The larger shank and head diameter makes all the difference, though it is worth noting that unless the fastener is driven properly, it is not going to hold anything. Therein lies the single biggest problem with staples, they are rarely driven to the proper depth, they are over driven, which means that they've cut most of the way through the shingle.
    I suffer from CDO ... Its like OCD, but in alphabetical order, LIKE IT SHOULD BE!!!

  5. #5
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    Default Re: Roof Nailing

    Around here, inspectors REQUIRE the roofing nails to fully penetrate the sheathing. I think that's so they can see that they are long enough.

    It sure is annoying when you have to work in the attic and you scratch your head on protruding nails.

    It seems like nailguns result in less cracking than hand-nailing.
    Last edited by Fencepost; 04-28-2012 at 04:59 PM.
    The "Senior Member" designation under my name doesn't mean I know a lot, it just means I talk a lot.I've been a DIYer since I was 12 (thanks, Dad!). I have read several books on various home improvement topics. I do not have any current code books I can refer to. I was an apprentice plumber for two years.

  6. #6
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    Default Re: Roof Nailing

    every house we do a complete overhaul on hte exterior typically gets a new roof, most of hte time they have tongue and groove boards for the sheathing so we strip off all the shingles then go over the boards with plywood to not only give a better nailing suface for the shingles but makes the roof flatter. this template thing the roofer is telling you about sounds like b.s.. ive never heard of that

    in many regions the use of staples for fastening shingles does not meet code. they dont have the holding power of nails in high wind regions.. keep in mind the roof is the first line of defense against the weather for your house and is one of hte first things insurance companies look at when they go to approve your house for coverage. dont mess around with cheap labor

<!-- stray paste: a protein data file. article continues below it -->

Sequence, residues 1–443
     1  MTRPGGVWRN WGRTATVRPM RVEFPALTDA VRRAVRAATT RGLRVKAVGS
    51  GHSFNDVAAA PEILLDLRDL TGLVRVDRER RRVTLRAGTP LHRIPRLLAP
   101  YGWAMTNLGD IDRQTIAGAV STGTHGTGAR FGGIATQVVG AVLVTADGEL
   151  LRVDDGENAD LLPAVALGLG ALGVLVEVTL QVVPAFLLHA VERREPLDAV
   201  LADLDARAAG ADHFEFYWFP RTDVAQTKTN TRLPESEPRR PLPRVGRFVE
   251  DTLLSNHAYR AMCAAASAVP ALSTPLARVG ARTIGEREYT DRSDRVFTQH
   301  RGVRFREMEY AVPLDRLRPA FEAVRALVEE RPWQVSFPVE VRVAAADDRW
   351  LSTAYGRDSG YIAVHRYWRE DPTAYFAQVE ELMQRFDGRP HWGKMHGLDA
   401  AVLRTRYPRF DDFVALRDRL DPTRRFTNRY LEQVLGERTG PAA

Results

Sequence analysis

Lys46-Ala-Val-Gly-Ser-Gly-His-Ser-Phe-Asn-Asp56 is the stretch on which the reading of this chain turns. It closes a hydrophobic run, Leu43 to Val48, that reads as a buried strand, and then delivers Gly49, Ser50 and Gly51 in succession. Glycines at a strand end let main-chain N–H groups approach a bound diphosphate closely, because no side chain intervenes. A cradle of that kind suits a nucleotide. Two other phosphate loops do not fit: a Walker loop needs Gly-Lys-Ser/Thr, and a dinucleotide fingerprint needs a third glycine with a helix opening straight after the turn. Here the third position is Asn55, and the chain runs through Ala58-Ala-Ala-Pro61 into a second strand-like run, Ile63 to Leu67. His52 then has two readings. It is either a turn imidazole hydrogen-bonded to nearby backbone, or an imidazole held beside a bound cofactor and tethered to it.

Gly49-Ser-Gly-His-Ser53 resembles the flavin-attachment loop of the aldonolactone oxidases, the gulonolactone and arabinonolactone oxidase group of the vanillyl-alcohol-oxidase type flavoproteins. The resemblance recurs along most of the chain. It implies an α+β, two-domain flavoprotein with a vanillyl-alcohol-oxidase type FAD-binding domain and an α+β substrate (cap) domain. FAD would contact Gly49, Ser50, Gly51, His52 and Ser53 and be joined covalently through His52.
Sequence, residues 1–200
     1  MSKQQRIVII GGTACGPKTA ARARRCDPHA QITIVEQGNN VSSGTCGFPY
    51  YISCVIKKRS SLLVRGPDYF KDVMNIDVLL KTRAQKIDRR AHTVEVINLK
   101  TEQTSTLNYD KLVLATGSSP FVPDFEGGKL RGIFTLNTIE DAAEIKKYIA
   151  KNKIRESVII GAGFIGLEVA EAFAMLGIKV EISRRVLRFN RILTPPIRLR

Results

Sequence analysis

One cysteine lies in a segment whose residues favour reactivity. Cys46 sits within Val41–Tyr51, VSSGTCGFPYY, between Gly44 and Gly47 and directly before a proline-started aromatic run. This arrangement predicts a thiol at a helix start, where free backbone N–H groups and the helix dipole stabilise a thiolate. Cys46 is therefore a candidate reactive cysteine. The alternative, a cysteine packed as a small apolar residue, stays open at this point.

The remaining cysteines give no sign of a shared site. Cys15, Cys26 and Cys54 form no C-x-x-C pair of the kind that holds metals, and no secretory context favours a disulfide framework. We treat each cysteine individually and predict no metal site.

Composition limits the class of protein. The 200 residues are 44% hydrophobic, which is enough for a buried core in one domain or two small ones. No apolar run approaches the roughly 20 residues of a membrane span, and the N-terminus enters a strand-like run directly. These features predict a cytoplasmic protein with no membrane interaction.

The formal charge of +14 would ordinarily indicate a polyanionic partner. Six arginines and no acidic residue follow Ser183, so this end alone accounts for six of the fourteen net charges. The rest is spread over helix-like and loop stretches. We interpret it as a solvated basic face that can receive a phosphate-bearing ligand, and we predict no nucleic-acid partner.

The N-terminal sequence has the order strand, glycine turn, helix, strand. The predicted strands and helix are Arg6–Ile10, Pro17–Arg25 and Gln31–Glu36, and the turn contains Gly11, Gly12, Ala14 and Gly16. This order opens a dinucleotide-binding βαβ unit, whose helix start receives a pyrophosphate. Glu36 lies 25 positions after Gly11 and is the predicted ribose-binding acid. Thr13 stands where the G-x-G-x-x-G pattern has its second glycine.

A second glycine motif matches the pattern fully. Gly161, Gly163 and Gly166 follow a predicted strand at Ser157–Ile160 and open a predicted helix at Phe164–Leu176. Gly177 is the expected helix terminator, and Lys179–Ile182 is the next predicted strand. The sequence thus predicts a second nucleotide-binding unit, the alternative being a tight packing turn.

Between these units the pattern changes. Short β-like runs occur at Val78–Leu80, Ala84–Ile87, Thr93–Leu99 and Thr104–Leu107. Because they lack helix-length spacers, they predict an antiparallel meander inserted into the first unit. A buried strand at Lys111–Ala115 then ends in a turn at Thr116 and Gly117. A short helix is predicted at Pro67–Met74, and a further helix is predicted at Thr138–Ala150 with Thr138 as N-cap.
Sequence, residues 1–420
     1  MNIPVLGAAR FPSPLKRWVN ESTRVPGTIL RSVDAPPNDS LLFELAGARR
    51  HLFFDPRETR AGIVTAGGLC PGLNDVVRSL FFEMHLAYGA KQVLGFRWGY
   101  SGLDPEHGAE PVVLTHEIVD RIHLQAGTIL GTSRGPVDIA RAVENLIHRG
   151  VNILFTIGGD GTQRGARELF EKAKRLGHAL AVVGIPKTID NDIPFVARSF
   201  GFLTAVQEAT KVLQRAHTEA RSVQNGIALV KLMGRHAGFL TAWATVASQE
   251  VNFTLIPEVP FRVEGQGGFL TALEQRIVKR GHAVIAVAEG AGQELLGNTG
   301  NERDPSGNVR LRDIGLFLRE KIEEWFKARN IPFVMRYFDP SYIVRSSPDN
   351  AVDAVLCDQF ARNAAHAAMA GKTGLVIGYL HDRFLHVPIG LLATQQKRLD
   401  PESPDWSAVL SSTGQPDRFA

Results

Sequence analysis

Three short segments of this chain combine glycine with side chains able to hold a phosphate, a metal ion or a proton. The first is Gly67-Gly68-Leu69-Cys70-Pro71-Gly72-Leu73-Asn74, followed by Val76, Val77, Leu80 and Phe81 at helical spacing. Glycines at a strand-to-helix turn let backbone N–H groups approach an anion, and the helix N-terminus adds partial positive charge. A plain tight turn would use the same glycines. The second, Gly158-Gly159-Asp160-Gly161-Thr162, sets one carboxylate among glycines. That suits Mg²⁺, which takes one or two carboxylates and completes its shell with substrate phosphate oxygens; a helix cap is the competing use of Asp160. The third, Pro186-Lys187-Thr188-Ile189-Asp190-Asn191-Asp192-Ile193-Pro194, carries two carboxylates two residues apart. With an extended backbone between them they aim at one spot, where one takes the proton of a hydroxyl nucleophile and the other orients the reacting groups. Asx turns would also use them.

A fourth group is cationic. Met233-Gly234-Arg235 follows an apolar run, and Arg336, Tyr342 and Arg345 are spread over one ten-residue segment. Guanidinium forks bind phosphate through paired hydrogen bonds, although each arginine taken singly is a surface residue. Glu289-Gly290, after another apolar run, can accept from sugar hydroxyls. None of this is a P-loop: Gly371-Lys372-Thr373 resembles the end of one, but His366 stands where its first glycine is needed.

fire up the saw and make some dust

  7. #7

    Default Re: Roof Nailing

    Thanks very much for the input. Yes we always hire licensed, experienced and insured contractors. Though I did put in a question about staples, we wouldn't use them for all the reasons mentioned here.

  8. #8

    Default Re: Roof Nailing

    I misspoke; I wrote staples when I really meant a nail gun, which I understand is fairly easy to calibrate the pressure for so the nails don't go through the shingles. So nail gun is fine, yes?

  9. #9
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    Default Re: Roof Nailing

    The thing is that you want to use 'roofing nails' and not staples. Roofing nails have large heads and hold a lot more of the shingles than staples. In numbers, nail heads are 14/32" wide while staples are only 1/32" wide. It's easy to see how nails hold more than a staples.

    The use of a roofing nail gun is fine, as lond as it drives the nails correctly.

  10. #10
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    Default Re: Roof Nailing

    A roofing nail gun with the right length nail and that is adjusted to the correct pressure will be fine.
    I suffer from CDO ... Its like OCD, but in alphabetical order, LIKE IT SHOULD BE!!!